In fact, I dare say that at one point or another, many who have an awakening from the slumber of this life, to the fullness of God percolating new life in them, follow God with a sudden zeal of intense desire, focus, exclusivity and love. The difficulty, as these same disciples will later reveal, is that that simple phrase Jesus utters, ‘follow me’ which we now affirm requires repentance not just once or twice but over and over, can be as challenging, frightening, confusing, frustrating, as can be a human relationship that moves from childish lust and romance, to commitment through sickness, struggle, disagreement, loss of passion or drive, etc. The gravity of following God is so often lost on us for whom complacency rather than danger is more often a barrier to learning anew, knowing, and following him.
But think, for a moment, about what it has meant for people to follow God: for Job – seeing all lost, family and friends turn on him, yet not straying in his faith, for Peter to whom Jesus will say three times, ‘do you love me, are you following me’. Feed my sheep, Jesus says to Peter. And of course this caring for Christians will lead Peter to his death and the hands of enemies of the Way Jesus had set out. Think of all the martyrs over the last two thousand years, in the last year, in the last month, who lost their lives in order to follow God.
Grace is not cheap. While we may receive it for free, to live into the grace of God, we must learn to give up our former lives every single day. This might mean you have to let go of your animosity or disagreement with others. It might mean that you need to back down from a fight or to actually engage more deeply. It might mean that you need to accept a situation or reality you don’t want to for the good of others in your household, or in your church, or your diocese, or your national church, or the whole catholic church. It might mean you have to sacrifice your comfort or the things you hold most dear, or the things that you’ve always done a certain way. It might mean that you have to give up putting yourself and your worries and concerns first. It might mean that you do not get to claim priority in choosing what you do next.
To follow God, to take up your Cross, is not about your comfort. It’s not about getting your way. Look at this passage again: to follow God is to let go of your old life – the figurative fishing nets here – and allow your life, your words and actions and ways – to be reshaped by God. This will require humility. It’s why Jesus asks Peter three times if Peter really loves him. Because while Peter says, ‘yes Lord you know I love you,’ Jesus knows that to step into his grace, into the light and new life, is to often be taken (as he will to say to Peter) “where you do not wish to go.” This isn’t punishment. It isn’t that God is unfair. It isn’t that God working through his Church has failed it or you. Rather it is that to truly be a fisher of people, well this mission will lead you through the trials, tribulations, the muck, the frustration and disagreement, that simply is human relationships.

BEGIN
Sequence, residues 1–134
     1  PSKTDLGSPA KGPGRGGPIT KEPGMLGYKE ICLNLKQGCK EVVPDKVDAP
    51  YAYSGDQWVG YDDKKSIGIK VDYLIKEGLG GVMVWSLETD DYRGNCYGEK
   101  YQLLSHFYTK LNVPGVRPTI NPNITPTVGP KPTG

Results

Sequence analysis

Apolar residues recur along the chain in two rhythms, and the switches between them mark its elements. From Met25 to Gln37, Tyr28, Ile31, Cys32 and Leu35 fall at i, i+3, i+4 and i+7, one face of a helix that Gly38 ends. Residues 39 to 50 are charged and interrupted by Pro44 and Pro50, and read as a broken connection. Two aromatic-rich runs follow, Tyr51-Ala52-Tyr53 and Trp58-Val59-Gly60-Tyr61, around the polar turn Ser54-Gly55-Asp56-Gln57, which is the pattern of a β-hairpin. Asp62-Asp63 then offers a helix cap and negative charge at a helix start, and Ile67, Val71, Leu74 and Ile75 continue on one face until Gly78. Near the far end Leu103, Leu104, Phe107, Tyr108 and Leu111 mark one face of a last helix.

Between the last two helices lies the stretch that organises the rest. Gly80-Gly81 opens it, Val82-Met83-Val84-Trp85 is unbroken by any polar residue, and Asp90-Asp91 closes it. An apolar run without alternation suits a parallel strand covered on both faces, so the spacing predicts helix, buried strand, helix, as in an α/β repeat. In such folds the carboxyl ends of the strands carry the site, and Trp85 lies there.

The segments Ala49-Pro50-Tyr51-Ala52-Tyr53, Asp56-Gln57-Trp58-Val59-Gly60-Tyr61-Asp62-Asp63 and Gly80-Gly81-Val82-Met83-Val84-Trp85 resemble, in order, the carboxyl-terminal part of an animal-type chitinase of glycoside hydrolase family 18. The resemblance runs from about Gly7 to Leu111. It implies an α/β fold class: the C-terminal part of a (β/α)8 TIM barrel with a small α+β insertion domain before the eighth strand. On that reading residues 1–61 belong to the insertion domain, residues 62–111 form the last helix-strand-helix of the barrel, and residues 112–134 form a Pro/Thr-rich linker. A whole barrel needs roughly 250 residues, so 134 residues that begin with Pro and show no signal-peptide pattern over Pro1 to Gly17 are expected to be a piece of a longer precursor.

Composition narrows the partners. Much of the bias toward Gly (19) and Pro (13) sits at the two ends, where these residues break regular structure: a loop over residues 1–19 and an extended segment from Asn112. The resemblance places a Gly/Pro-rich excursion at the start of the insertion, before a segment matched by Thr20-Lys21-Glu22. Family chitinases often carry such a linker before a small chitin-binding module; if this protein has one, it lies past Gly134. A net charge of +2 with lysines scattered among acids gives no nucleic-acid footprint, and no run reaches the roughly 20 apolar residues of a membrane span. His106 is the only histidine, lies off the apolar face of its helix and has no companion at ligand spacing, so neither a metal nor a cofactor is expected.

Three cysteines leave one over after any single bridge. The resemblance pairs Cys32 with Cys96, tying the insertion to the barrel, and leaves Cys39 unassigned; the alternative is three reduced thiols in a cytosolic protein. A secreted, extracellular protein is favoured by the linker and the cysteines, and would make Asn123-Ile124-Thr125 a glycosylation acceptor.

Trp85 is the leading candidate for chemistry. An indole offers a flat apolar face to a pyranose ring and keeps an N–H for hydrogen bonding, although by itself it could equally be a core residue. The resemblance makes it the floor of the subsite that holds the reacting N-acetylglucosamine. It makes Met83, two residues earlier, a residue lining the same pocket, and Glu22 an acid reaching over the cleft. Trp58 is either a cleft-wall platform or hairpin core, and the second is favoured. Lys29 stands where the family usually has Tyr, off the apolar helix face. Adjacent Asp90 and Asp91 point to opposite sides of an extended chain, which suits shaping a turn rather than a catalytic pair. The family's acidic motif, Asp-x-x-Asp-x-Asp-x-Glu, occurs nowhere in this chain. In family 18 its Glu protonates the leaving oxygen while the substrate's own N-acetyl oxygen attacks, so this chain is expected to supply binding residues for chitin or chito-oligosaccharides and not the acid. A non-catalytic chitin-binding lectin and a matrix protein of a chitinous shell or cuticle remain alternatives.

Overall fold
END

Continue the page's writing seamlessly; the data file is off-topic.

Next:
To be a fisher of people you will get figuratively wet, messy, you’ll be blown about by the winds of uncertainty and the cold sleet of rejection, disappointment, confusion, worry, frustration and lack of fit and fulfillment. You might even get pulled down into the water, treading so you do not drown, or swimming with no shore in sight. That’s what it is to step into a relationship with God, when that relationship is fundamentally about you participating in his gathering frail and broken people like you and I to him. To follow God is not to be first, but to be open, willing, ready, humble, and ready to serve others to engage with others. So my friends whom shall you follow in the months to come?
The Rev. Dr. LEigh Silcox
Born in Windsor, ON, Leigh moved around Northern and Southern Ontario during his childhood. He attended North Carolina State University to play soccer, but after repeated injuries, instead took up mountain biking, road cycling, bouldering, trail running and hiking, which he continues to do to this day.